The results obtained from applying the spatial statistic for estimating an optimal field plot size and location to sample, taking into account positional errors, indicated that the optimal plot sizes and locations varied according to spectral bandwidth (location and width) and polarization (in the case of SAR data). It was shown that the statistic does not simply provide a measure of homogeneity (or conversely heterogeneity), but highlights spatially where the local variance is less than the global average. Therefore, the boundaries or ecotones of highly variable features and their adjacent habitats are well defined. These ecotone regions are displayed as the largest plot sizes by the statistic.

In relation to spatial resolution controls, the results of this study show that the optimum sample size is dependent on the image data as well as the ground characteristics. The results confirm that the highest resolution data provide the largest scope for selecting suitable plots in the varied environment of the test area only if the spatial registration is comparatively accurate. This fact was highlighted by the ADAR data by using a spatial error of 10 and 50 m. It was clearly demonstrated that the impact of registration error on suitable sample locations is considerable. Using an error estimate of 50 m, there are no areas in the data, where Melaleuca could be sampled for a quantitative comparison.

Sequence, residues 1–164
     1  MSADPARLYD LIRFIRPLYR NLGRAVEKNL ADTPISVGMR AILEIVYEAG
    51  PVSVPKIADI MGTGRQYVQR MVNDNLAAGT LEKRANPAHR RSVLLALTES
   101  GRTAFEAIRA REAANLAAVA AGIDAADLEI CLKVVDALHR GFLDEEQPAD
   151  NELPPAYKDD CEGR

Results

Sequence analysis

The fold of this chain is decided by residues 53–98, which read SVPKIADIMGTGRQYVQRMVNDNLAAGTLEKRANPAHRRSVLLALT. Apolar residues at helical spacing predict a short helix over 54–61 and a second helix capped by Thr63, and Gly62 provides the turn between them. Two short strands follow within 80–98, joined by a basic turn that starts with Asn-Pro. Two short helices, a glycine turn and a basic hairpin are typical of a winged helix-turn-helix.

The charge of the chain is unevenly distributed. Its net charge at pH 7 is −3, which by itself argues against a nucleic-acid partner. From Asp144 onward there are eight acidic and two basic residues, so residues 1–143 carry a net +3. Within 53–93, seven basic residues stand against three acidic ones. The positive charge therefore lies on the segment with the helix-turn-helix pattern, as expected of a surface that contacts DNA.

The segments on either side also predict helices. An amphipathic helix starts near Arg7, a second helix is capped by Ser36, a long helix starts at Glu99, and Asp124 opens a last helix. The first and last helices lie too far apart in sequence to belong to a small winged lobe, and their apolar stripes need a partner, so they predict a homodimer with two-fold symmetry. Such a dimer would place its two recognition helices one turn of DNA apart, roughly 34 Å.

The results of the implementation of the spatial statistic to various image data sets shows that it is important that results from one sensor/image are not transferred to other sensors/images. It is suggested that the spatial statistic is implemented at the outset of any remote sensing investigation that links image data with field data relating to biophysical parameters.

It was determined through an extensive literature review that quad-polarised SAR data was the most suitable remotely sensed data by which to estimate above ground woody biomass of Melaleuca habitats in tropical floodplain environments. It is clear that the P-HV channel is most suitable for this task, as the L-Band channels are susceptible to saturation effects at lower biomass levels and the co-polarised Pband channels appear to be affected by understorey responses. The results of the JERS-1 analysis show some promise for examining Melaleuca encroachment in the Trans-Fly Bioregion. However, these results are not conclusive due to the time lag between the acquisition of image and field data, and the dynamic nature of the environment. There is the potential to use future space borne L-Band sensors with quad-polarisation for this task.